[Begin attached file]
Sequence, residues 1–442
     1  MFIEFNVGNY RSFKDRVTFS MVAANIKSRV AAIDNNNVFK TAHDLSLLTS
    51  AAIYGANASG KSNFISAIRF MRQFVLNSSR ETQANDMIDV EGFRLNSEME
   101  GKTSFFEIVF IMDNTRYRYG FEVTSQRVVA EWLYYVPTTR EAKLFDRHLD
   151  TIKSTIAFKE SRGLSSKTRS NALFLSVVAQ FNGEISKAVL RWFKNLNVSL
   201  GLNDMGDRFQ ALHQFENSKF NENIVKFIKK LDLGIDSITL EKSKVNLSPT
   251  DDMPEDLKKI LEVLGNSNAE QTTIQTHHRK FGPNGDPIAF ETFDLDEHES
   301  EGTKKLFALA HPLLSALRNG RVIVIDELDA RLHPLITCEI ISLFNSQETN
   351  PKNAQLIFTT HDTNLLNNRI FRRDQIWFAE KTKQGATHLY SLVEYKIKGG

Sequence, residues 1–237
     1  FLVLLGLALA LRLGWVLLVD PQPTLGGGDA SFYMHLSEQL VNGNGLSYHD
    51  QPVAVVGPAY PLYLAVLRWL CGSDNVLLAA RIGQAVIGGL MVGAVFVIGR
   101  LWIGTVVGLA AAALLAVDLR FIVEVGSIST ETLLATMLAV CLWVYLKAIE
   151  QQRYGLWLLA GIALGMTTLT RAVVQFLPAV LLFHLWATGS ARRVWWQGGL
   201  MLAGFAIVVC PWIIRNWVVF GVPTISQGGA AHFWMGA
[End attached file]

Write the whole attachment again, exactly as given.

Sequence, residues 1–442
     1  MFIEFNVGNY RSFKDRVTFS MVAANIKSRV AAIDNNNVFK TAHDLSLLTS
    51  AAIYGANASG KSNFISAIRF MRQFVLNSSR ETQANDMIDV EGFRLNSEME
   101  GKTSFFEIVF IMDNTRYRYG FEVTSQRVVA EWLYYVPTTR EAKLFDRHLD
   151  TIKSTIAFKE SRGLSSKTRS NALFLSVVAQ FNGEISKAVL RWFKNLNVSL
   201  GLNDMGDRFQ ALHQFENSKF NENIVKFIKK LDLGIDSITL EKSKVNLSPT
   251  DDMPEDLKKI LEVLGNSNAE QTTIQTHHRK FGPNGDPIAF ETFDLDEHES
   301  EGTKKLFALA HPLLSALRNG RVIVIDELDA RLHPLITCEI ISLFNSQETN
   351  PKNAQLIFTT HDTNLLNNRI FRRDQIWFAE KTKQGATHLY SLVEYKIKGG

Sequence, residues 1–237
     1  FLVLLGLALA LRLGWVLLVD PQPTLGGGDA SFYMHLSEQL VNGNGLSYHD
    51  QPVAVVGPAY PLYLAVLRWL CGSDNVLLAA RIGQAVIGGL MVGAVFVIGR
   101  LWIGTVVGLA AAALLAVDLR FIVEVGSIST ETLLATMLAV CLWVYLKAIE
   151  QQRYGLWLLA GIALGMTTLT RAVVQFLPAV LLFHLWATGS ARRVWWQGGL
   201  MLAGFAIVVC PWIIRNWVVF GVPTISQGGA AHFWMGA